'In this case defendant's motion discloses no pending suit, action, proceeding or appeal as contemplated by the statute (Title 28 U.S.C.A. 1915), nor is the motion accompanied by the requisite affidavit. Therefore under the statute this Court has no power to consider defendant's motion for a transcript of the record, information and other papers which he seeks to obtain without his being required to pay the fees therefor. United States v. Lott (W.D.Ky.) 171 F.Supp. 178, citing with approval United States v. Hoskins (E.D.Ky.) 85 F.Supp. 313, l.c. 314:


"No statutory provision is made for the furnishing to a petitioner, without prepayment of costs, certified copies of the records of the Court merely for his examination in order to determine whether he wishes to engage in litigation.' 'The order of Judge Oliver in Dickerson v. United States (W.D.Mo.) Criminal No. 20805-1, entered May 18, 1962, is in accord.'

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On December 27, 1962, appellant filed what he denominated a 'response' to the Government's brief (filed prior to December 20 order) opposing the furnishing of ranscript of the proceedings. Therein, appellant asserted for the first time that his court-appointed lawyer was ineffective and incompetent. Treating this communication as (1) a motion to vacate sentence pursuant to Title 28 U.S.C.A. 2255 and as (2) a review of the previously denied motion for a transcript of the proceedings, the court on March 20, 1963, denied the relief sought by memorandum and order, reported sub nom. United States v. Culbert, D.C., 215 F.Supp. 333.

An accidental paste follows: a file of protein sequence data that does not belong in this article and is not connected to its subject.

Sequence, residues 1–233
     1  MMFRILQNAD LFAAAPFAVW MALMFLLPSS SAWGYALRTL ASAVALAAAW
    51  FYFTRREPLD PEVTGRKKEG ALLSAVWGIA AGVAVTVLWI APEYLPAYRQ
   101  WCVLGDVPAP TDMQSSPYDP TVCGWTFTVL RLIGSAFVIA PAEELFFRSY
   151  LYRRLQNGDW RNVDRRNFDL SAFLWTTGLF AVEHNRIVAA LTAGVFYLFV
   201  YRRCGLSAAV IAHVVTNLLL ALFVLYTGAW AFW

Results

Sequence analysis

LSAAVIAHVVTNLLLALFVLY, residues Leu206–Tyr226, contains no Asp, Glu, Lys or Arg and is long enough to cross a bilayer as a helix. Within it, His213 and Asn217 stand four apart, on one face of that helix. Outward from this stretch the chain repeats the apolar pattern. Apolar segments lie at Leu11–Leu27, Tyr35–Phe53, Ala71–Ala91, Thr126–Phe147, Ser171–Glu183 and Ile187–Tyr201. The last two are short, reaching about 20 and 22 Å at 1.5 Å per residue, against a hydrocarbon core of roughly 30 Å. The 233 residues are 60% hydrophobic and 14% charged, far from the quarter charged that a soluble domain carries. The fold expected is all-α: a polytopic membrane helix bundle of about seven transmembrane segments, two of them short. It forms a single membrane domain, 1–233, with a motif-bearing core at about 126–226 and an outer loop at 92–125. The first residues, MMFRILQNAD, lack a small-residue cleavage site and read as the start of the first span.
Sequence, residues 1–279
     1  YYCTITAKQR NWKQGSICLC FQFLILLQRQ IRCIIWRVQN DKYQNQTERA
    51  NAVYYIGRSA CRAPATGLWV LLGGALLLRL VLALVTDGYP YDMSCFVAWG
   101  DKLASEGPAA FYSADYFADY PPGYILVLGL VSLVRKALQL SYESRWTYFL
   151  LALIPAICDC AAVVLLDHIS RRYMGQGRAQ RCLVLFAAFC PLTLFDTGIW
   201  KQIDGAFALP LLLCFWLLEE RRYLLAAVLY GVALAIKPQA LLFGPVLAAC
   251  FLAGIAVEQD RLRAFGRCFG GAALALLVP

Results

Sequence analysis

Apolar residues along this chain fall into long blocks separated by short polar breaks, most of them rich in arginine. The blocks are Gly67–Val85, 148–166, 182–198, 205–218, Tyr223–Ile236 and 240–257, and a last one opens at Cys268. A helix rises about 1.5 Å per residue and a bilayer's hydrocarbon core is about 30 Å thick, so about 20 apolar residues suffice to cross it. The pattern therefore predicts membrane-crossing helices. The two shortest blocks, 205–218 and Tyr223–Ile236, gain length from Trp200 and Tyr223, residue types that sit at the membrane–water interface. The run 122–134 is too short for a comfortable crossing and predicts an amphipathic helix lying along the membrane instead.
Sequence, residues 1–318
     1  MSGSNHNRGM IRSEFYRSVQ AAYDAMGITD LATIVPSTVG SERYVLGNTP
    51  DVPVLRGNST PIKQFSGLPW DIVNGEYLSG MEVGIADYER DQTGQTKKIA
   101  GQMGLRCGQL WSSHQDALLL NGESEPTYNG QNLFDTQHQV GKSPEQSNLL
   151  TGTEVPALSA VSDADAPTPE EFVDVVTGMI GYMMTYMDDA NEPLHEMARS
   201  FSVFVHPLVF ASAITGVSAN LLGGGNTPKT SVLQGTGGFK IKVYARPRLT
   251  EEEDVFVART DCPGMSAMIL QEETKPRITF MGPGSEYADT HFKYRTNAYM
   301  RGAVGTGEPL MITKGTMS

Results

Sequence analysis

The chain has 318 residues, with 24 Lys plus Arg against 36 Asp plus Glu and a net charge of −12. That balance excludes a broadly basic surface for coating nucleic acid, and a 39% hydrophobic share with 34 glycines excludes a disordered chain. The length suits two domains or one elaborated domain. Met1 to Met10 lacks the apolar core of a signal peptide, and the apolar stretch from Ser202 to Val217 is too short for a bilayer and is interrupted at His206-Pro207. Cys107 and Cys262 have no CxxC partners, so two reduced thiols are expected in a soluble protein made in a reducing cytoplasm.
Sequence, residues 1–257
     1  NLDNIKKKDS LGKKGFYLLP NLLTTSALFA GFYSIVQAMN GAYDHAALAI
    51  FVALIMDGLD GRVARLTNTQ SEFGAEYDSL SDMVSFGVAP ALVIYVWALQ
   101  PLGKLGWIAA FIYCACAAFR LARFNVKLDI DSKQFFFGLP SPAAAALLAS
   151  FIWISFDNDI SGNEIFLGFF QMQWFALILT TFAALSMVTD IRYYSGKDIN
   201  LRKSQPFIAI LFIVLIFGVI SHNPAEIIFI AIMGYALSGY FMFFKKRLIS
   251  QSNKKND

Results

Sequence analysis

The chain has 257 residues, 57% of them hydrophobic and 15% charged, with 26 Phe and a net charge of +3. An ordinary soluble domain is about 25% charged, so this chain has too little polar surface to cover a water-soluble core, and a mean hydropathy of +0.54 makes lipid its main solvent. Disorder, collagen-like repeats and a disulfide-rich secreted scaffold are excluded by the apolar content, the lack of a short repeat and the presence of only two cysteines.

On this appeal appellant contends that he--


'did not enjoy the right of competent counsel. Counsel allowed improper procedures to be applied in the instant case. Numerous infractions of prescribed procedure is a matter of record, and your petitioner can and will point out the significance of the above mentioned infractions at which time reliable records are made available to him.'